TimeOut: Hong Kong art galleries offering virtual tours and online viewing rooms. “Like many establishments in our city, Hong Kong’s art galleries have been hit hard due to the ongoing pandemic. Many shows have cancelled, postponed, and galleries have temporarily closed or have limited their on-ground visits to private viewing only. Some local galleries have turned online to deliver the viewing experience straight to your home.”
The National: ‘People want a cultural outlet’: Lebanon’s Dalloul Art Foundation launches digital archive amid coronavirus outbreak. “As more countries go into lockdown and governments implore their citizens to remain at home amid the coronavirus pandemic, arts organisations around the world have leapt into action, offering a different kind of outlet to millions. In Lebanon, the Ramzi and Saeda Dalloul Art Foundation is one of them. Its website went live two weeks ago, several months earlier than originally planned, granting free access to thousands of artworks and extensive information about hundreds of artists from the Arab world.”
Middle East Eye: Art and coronavirus: Middle Eastern galleries to view on lockdown. “Museums seeking to expand their online presence could take a leaf from Rijksmuseum in the Netherlands, with its high-quality downloadable digital images, or the fun of creating your own ‘studio’ collection. Meanwhile, on his upbeat Facebook feed, Lebanese art collector Basel Dalloul has been posting lists of other virtual galleries, from the Guggenheim in New York to the Sursock Museum in Beirut. The latter boasts a VR tour of its recent exhibition, Baalbek, Archives of an Eternity. Dalloul himself has just launched a website showcasing the ‘largest archive and collection of Arab art’. With the art world moving online, MEE highlights some of the best collections from the region you can view without having to leave home.”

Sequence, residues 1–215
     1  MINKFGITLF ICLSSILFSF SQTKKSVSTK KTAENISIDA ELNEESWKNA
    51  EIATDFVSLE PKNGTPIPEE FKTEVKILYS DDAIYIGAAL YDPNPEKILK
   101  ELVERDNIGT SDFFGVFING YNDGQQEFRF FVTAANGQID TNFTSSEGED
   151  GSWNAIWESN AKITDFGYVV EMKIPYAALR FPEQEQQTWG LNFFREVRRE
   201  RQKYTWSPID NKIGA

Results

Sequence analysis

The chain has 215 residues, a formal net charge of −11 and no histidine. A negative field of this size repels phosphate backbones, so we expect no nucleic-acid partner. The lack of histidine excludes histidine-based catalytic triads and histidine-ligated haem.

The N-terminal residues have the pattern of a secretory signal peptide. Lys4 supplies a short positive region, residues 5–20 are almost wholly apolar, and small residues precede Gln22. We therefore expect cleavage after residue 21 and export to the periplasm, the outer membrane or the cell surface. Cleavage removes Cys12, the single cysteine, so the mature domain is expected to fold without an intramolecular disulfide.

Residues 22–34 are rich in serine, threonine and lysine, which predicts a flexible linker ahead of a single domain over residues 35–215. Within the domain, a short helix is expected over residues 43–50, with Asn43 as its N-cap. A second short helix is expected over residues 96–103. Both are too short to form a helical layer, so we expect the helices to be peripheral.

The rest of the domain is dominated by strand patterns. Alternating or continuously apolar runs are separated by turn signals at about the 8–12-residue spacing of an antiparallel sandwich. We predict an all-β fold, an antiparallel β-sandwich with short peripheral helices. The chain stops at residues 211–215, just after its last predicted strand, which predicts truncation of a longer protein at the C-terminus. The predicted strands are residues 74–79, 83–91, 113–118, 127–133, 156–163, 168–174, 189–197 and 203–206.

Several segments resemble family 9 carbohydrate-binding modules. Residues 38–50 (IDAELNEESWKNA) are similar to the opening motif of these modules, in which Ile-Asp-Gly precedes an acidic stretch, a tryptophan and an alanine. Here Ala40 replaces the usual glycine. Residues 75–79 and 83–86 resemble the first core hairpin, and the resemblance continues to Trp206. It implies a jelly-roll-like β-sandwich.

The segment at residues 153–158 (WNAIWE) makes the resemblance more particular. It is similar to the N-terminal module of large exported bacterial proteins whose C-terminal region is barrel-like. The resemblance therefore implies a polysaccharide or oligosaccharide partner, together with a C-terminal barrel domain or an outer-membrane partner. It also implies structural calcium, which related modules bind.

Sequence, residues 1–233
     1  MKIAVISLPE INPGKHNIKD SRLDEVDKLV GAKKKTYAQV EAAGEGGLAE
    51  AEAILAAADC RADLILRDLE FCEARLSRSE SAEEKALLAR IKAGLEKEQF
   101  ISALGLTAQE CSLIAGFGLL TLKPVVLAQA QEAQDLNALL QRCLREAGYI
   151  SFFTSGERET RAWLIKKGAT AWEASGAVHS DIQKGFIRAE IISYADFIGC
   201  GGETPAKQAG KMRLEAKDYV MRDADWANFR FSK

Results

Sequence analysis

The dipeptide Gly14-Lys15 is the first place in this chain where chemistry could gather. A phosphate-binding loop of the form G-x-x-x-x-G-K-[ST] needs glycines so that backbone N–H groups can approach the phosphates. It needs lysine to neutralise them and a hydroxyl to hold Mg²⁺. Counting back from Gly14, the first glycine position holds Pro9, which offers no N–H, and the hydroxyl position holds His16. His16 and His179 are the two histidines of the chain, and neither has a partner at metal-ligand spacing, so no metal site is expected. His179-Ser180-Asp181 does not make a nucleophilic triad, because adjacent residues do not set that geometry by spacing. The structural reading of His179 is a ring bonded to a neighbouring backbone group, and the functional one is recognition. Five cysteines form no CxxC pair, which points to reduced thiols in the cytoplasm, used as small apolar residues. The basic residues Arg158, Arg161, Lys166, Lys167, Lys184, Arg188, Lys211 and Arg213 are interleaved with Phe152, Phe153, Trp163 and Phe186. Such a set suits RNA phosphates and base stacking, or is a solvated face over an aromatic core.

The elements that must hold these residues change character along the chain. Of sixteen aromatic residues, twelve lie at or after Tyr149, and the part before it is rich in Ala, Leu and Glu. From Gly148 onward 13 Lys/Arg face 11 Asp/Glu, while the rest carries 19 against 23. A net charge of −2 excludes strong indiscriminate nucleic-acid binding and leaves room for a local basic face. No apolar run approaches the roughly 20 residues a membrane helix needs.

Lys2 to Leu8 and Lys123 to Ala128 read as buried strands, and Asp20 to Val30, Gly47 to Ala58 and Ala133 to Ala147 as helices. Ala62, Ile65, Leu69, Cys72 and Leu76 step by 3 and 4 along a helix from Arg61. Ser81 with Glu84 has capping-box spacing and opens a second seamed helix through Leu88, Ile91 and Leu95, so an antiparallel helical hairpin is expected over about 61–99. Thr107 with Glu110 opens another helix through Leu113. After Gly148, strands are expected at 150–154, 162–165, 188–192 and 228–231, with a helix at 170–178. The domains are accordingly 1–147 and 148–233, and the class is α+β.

Getty Iris: How to Use Getty Open Content for Your Custom Zoom Background. “Many of us are working from home, and keeping our distance from others. Perhaps there’s a pet or a child keeping us company or getting in the way as we try to focus (insert #coworker joke here). At Getty, our in-person meetings are now virtual, and some of us have turned to the custom Zoom background to help set the mood. Getty’s Open Content program includes over 100,000 images that are free and downloadable. This means they’re also fair game to use as your own custom background.”
Crafts Magazine: Free access to Crafts Magazine’s 50 year archive. “At Crafts magazine, their thoughts are with all readers and contributors at this challenging time. To help brighten up isolation, they’re offering you all free access to our digital edition for a month. You can dig into every issue from the magazine’s history – from the shiny latest editions to forgotten hits from the 1970s, 80s and 90s – to while away the hours and be inspired.” This is like museum-level crafts. Sculpture, textiles — I even saw some really impressive umbrellas in one of the 1970s issues.
The Guardian: Smartify makes all museum audio tours free for rest of 2020. “Stories behind art treasures such as Delacroix’s The Death of Sardanapalus in the Louvre and a 19th-century relief of Phaeton driving the Chariot of the Sun at the Royal Academy of Arts are to made free for the rest of the year by the world’s most downloaded museum app. Smartify is often known as the ‘Shazam for art’ app in that it allows people to identify works of art by simply scanning them on a smartphone. It has about 2m artworks from more than 120 venues.”
Smithsonian Magazine: Shuttered Museums Use Social Media to Share Bouquets of Floral Artwork. “Last week, museums started showing love to one another by posting photos of floral artwork labeled with the hashtag #MuseumBouquet, reports Noor Brara for artnet News. The New-York Historical Society and the Smithsonian Institution’s Hirshhorn Museum and Sculpture Garden kicked off the trend by sending digital bouquets to other art institutions. The former shared its first petaled missive—a cluster of apple blossoms painted by American artist Martin Johnson Heade—with the Smithsonian American Art Museum, while the latter sent Tate Britain ‘a little cheer’ in the form of an Andy Warhol bouquet.”